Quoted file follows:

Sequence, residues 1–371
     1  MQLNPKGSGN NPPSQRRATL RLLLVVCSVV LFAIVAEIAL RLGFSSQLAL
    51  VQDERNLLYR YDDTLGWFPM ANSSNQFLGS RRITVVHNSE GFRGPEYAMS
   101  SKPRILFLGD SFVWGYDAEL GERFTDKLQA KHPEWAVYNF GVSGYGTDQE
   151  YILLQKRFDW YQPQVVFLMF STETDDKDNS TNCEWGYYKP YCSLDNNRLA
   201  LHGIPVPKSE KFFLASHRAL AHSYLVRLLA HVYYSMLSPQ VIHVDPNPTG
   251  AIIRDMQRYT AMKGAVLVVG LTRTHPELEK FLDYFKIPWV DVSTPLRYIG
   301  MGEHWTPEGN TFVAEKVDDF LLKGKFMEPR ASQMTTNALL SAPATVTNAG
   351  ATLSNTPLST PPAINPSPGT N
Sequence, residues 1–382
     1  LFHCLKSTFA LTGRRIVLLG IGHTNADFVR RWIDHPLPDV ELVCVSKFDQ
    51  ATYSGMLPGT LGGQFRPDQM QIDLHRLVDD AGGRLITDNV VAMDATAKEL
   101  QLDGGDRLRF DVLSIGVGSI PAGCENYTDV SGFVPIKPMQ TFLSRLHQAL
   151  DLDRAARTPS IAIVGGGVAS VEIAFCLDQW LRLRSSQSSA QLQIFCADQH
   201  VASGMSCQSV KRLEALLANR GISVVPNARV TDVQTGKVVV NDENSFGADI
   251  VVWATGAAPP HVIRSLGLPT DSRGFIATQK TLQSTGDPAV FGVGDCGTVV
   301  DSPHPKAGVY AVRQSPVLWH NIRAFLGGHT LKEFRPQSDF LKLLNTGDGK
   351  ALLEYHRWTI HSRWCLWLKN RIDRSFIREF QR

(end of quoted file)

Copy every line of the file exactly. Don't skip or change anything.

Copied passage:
Sequence, residues 1–371
     1  MQLNPKGSGN NPPSQRRATL RLLLVVCSVV LFAIVAEIAL RLGFSSQLAL
    51  VQDERNLLYR YDDTLGWFPM ANSSNQFLGS RRITVVHNSE GFRGPEYAMS
   101  SKPRILFLGD SFVWGYDAEL GERFTDKLQA KHPEWAVYNF GVSGYGTDQE
   151  YILLQKRFDW YQPQVVFLMF STETDDKDNS TNCEWGYYKP YCSLDNNRLA
   201  LHGIPVPKSE KFFLASHRAL AHSYLVRLLA HVYYSMLSPQ VIHVDPNPTG
   251  AIIRDMQRYT AMKGAVLVVG LTRTHPELEK FLDYFKIPWV DVSTPLRYIG
   301  MGEHWTPEGN TFVAEKVDDF LLKGKFMEPR ASQMTTNALL SAPATVTNAG
   351  ATLSNTPLST PPAINPSPGT N
Sequence, residues 1–382
     1  LFHCLKSTFA LTGRRIVLLG IGHTNADFVR RWIDHPLPDV ELVCVSKFDQ
    51  ATYSGMLPGT LGGQFRPDQM QIDLHRLVDD AGGRLITDNV VAMDATAKEL
   101  QLDGGDRLRF DVLSIGVGSI PAGCENYTDV SGFVPIKPMQ TFLSRLHQAL
   151  DLDRAARTPS IAIVGGGVAS VEIAFCLDQW LRLRSSQSSA QLQIFCADQH
   201  VASGMSCQSV KRLEALLANR GISVVPNARV TDVQTGKVVV NDENSFGADI
   251  VVWATGAAPP HVIRSLGLPT DSRGFIATQK TLQSTGDPAV FGVGDCGTVV
   301  DSPHPKAGVY AVRQSPVLWH NIRAFLGGHT LKEFRPQSDF LKLLNTGDGK
   351  ALLEYHRWTI HSRWCLWLKN RIDRSFIREF QR